Multi-Family—Outstanding Efforts in Waste Reduction and Recycling

Awarded to multi-family properties that have undertaken exemplary efforts to develop, expand or enhance waste reduction and recycling programs. Information is based upon interactions with DEP/Waste Reduction and Recycling staff.
  • Blair House, Silver Spring. Blair House has worked on its green initiatives to reduce waste, recycle right and increase residential participation. The goal of its program is to focus on waste reduction efforts for residents as well as to continue opportunities for recycling many different types of more difficult to manage materials, such as fluorescent lights, carpeting and food scraps. The property’s newsletter and welcome packet are methods used to provide information about these opportunities. One initiative is that some of the apartments have recycling centers built directly into the kitchen cabinetry to increase residential participation. Blair House continues to recycle food scraps, a program it started in 2015. In 2020, its waste diversion and recycling rate was 80 percent.
  • Falkland Chase, Silver Spring. The multi-family community is committed to reducing the amount of waste generated and increase recycling. Property management, staff and residents have embraced Montgomery County’s “Reduce, Reuse and Recycle Right efforts.” Residential educational events help residents learn how to recycle right and reduce contamination of recyclable materials. These efforts include interactive activities aimed at reducing waste and recycling right.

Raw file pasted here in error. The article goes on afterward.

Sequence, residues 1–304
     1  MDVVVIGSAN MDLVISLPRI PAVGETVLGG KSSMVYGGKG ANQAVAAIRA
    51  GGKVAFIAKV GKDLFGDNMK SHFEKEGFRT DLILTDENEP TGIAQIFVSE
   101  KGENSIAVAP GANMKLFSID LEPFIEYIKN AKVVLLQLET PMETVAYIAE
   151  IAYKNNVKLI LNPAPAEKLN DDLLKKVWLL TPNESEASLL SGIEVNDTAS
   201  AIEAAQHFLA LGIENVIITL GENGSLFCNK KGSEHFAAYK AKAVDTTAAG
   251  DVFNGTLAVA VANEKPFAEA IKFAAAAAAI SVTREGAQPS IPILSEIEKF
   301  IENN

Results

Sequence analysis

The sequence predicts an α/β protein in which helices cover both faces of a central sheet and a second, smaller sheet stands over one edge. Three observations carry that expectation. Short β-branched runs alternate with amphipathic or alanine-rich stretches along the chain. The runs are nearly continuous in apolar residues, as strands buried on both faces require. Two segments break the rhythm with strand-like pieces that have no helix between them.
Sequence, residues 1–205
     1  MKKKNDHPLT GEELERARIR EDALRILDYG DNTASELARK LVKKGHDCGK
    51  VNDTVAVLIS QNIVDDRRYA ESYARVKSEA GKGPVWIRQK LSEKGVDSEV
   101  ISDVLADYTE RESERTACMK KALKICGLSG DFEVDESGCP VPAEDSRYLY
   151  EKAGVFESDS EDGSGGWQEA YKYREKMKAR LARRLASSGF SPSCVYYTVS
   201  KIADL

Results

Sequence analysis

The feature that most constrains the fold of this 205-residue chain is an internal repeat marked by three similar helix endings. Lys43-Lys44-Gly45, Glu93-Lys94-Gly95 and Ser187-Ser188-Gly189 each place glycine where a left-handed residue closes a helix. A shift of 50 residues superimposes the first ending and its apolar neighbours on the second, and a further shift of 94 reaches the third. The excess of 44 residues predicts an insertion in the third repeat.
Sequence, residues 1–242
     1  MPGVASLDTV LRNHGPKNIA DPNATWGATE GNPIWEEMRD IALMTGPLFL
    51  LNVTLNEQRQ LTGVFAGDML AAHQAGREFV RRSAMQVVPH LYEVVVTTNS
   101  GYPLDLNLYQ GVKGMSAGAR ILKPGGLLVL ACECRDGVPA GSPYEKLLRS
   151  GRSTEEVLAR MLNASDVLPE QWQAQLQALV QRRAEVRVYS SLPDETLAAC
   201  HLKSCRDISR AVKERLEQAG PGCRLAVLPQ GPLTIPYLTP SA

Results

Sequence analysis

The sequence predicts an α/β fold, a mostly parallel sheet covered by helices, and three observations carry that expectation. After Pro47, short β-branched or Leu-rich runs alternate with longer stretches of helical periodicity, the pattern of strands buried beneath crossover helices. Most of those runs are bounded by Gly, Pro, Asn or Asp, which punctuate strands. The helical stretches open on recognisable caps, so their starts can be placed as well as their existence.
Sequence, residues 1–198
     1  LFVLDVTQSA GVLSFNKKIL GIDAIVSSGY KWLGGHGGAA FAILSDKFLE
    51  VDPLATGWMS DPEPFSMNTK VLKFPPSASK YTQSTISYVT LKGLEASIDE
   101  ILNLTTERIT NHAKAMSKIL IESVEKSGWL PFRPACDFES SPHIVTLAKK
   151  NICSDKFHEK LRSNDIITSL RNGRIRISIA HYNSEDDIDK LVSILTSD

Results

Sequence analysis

• Galvan, Rockville. With a focus on waste reduction as well as improving recycling, the property management team created a holistic approach for residents to reduce waste, while ensuring that materials are diverted into recycling and reuse streams. The Galvan provides quarterly diversion reports and education for residents. Janitorial services staff uses presentations, walk-through assessments and scorecards to encourage recycling. Recycling information is posted in common areas on-site, as well as through an app used by about 90 percent of residents. As part of Earth Day and America Recycles Day events, residents are provided with recycling tips, statistics and games focused on reducing, reusing and recycling. Prizes such as reusable water bottles or tote bags are given out to encourage sustainable practices.